The recent events in Baltimore in response to Freddie Gray’s death, as well as the protests that have occurred in many other cities (Ferguson, et al) have initiated national conversations on race, politics, good cops vs. bad cops, and the “proper” way to respond to decades and centuries of abuse, oppression, and institutionalized racism. There’s an attitude permeating the discussion about the riots and demonstrations that I find lacks empathy, critical thinking, and a desire to truly understand what could motivate hundreds of people to take to the streets in anger: “But violence is never the answer” and “These people don’t care about change; they’re just thugs/animals”.
What would you think if someone sauntered over to you and self-righteously slapped you across your pretty mug and you fell to the ground, for no reason other than their disapproval of your height/mohawk/eye color, and then after you were done lying there in complete shock, you sprinted to your feet and slapped them back, only to be told by everyone who witnessed the whole absurd event that “violence isn’t the answer” or worse, “you’re an animal!” Do you think you’d feel angry that instead of condemning the person who hit you they chose to focus on how you responded? Maybe you’d feel abused twice; first from the attacker, then by the crowd.
Now what if this happened repeatedly, in other ways, over many years, and by authority figures and government? Humans have many coping mechanisms that can be utilized during difficult, traumatic, and abusive events. One is called Learned Helplessness. But as the protests and demonstrations show, another result of oppression on a grand scale is outrage.
At this point, you might be wondering, ‘Why is she writing about this on a dating and relationships blog?’ Because how we all relate to each other is crucial to more than just romantic relationships or friendships. Every day, we all make the choice to either try to understand each other, or simply judge, dismiss, and ignorantly assume we understand people and situations we couldn’t possibly truly understand. We need to be open to hearing and learning from those we don’t know. Everyone has heard the adage “Don’t judge unless you’ve walked in their shoes”, but actually putting that in action seems to be more difficult for some. Plus, feeling abused by a system that doesn’t recognize your rights/value is something women can relate to also, especially women who were victims of domestic violence. There was a time when there were no abuse shelters, no divorce, and rape victims were (and still are) not taken seriously. They were abused twice; first by their husbands, then by a society that failed to understand and help.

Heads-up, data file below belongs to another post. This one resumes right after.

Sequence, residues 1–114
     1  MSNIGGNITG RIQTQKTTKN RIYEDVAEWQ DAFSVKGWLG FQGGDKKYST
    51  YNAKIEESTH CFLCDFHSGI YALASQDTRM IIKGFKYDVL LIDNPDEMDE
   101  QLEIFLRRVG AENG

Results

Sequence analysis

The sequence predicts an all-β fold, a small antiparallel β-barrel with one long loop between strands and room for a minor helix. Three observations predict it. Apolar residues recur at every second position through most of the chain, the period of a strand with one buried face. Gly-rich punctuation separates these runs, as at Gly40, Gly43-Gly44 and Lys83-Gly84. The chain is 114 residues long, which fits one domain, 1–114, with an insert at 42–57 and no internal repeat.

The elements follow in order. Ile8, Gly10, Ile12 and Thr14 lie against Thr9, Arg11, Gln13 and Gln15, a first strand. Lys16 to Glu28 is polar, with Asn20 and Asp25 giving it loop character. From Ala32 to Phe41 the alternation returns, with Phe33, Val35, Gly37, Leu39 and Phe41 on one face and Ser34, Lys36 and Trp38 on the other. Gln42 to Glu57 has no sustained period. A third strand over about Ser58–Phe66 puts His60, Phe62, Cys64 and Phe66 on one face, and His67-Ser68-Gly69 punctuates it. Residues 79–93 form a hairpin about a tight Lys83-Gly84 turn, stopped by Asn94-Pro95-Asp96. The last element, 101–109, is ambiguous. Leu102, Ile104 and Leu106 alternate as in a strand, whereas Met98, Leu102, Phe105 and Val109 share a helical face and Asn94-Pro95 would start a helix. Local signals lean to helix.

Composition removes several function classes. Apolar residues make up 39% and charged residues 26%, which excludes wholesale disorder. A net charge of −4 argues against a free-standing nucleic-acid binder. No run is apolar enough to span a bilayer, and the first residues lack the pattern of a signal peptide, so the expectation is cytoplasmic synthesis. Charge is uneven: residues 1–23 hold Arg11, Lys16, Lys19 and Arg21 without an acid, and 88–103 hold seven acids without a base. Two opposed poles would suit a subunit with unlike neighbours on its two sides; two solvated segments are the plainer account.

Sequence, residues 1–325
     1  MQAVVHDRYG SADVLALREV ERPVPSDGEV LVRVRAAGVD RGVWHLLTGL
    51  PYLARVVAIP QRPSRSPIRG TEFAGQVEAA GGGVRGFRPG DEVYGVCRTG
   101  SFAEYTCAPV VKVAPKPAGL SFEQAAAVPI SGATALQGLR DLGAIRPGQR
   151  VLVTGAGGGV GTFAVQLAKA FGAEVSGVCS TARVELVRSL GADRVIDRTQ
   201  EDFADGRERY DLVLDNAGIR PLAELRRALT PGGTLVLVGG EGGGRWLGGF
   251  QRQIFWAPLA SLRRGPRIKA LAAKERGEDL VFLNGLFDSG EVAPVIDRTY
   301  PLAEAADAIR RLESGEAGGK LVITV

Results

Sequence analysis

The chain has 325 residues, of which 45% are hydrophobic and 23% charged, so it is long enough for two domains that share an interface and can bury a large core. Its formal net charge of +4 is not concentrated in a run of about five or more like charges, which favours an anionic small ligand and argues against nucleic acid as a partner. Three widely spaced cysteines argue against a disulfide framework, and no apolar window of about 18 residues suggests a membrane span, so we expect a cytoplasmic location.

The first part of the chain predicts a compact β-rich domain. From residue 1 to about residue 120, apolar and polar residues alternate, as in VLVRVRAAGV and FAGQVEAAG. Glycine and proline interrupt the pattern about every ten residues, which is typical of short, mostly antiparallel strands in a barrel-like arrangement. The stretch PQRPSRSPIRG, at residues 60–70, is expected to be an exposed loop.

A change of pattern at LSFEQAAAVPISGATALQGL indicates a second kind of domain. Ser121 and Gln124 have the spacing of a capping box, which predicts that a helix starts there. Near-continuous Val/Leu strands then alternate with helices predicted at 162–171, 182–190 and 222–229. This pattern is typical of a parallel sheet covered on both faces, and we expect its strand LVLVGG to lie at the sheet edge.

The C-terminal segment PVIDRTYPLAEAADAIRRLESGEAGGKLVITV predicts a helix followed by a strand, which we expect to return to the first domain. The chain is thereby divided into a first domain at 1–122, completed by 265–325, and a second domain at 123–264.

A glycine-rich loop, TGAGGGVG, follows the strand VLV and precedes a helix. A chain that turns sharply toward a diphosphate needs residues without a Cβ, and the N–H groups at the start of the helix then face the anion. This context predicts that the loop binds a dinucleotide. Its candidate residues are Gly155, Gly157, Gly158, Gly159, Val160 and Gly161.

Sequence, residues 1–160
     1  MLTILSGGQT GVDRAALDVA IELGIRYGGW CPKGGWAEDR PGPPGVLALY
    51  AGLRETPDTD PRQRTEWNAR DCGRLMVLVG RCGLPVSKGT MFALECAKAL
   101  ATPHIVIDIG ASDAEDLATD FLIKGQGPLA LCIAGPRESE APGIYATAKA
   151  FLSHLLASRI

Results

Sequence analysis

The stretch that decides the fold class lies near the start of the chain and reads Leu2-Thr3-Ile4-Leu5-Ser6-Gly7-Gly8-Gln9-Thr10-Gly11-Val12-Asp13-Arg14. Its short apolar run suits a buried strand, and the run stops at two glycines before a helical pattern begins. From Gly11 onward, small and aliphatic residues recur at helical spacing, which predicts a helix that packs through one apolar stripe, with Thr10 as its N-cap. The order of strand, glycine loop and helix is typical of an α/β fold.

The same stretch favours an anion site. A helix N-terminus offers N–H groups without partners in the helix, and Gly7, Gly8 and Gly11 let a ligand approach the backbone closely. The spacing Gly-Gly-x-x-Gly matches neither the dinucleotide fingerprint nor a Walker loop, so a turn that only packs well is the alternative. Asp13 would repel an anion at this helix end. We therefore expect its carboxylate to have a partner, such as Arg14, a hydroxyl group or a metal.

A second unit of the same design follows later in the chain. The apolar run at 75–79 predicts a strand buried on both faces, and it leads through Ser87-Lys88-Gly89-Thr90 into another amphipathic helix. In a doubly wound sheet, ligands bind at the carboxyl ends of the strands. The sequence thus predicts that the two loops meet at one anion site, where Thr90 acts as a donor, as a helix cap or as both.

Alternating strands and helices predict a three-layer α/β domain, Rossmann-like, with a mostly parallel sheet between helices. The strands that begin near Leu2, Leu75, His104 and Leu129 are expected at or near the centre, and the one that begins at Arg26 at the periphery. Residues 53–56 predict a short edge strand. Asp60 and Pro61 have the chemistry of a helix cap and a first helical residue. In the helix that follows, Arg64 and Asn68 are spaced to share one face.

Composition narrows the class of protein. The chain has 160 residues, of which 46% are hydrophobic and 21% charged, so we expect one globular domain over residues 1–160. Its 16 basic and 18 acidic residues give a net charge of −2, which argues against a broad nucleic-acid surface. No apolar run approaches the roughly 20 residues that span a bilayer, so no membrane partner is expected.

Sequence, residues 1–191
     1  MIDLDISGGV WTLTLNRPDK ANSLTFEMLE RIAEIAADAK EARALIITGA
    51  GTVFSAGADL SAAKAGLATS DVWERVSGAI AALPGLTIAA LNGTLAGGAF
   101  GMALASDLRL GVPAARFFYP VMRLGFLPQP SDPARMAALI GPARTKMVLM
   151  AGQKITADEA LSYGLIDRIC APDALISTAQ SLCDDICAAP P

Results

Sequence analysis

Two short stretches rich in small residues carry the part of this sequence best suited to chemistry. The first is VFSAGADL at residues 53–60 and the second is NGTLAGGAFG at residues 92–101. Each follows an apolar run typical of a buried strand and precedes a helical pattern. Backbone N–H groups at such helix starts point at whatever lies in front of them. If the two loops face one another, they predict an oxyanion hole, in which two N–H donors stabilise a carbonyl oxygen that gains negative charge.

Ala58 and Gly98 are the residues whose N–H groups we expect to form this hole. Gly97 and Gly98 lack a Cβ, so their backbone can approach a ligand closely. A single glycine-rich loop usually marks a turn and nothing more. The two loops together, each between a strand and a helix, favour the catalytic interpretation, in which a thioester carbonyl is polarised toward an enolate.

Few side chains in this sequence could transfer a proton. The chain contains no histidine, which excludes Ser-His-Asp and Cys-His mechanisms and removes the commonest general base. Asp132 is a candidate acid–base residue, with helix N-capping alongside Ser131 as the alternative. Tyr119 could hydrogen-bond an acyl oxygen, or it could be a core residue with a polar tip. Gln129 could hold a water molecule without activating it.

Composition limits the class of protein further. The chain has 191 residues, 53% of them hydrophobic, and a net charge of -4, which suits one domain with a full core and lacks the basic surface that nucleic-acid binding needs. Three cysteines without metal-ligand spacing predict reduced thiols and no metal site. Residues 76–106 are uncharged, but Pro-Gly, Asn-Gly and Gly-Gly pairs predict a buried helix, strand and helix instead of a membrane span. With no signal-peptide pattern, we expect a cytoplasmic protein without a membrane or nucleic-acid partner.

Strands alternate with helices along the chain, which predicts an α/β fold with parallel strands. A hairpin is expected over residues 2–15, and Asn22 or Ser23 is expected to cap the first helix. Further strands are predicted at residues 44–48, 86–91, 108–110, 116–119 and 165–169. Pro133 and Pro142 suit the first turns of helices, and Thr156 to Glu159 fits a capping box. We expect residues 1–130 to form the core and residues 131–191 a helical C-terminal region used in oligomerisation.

The attitude I’m talking about can be exemplified by a personal experience I had with a relative. This person had done me wrong in a number of ways as a child and as an adult, and when I finally confronted said relative with my grievances via email, the response was basically: “You have an anger problem. You should get help.”
The relative’s response was so totally absurd. If I had written my letter IN ALL CAPS, or if I had resorted to name-calling, or if I had threatened this person’s safety or life, then yes, those would all be signs of an anger problem. But to respond to someone’s legitimate issues, which were rationally but firmly stated, with an unfounded attack on their character (ad hominem, a logical fallacy) so as to put them on the defense instead of actually addressing said relationship issues, is abuse. It’s ugly, shows a lack of empathy, and says “I don’t care to understand or make things better, I simply want you to take my abuse.”
This relative’s response, which can be likened to society’s response to the protests, is essentially like punching someone in the nose and then we they get angry, saying “Whoa! Calm down, thug. You have anger issues.”
So when you see large groups of people lining their streets protesting, it would behoove you and the rest of us if your instinctual response is to want to understand, as opposed to belittle and dismiss. Don’t be part of the problem, be a part of the solution.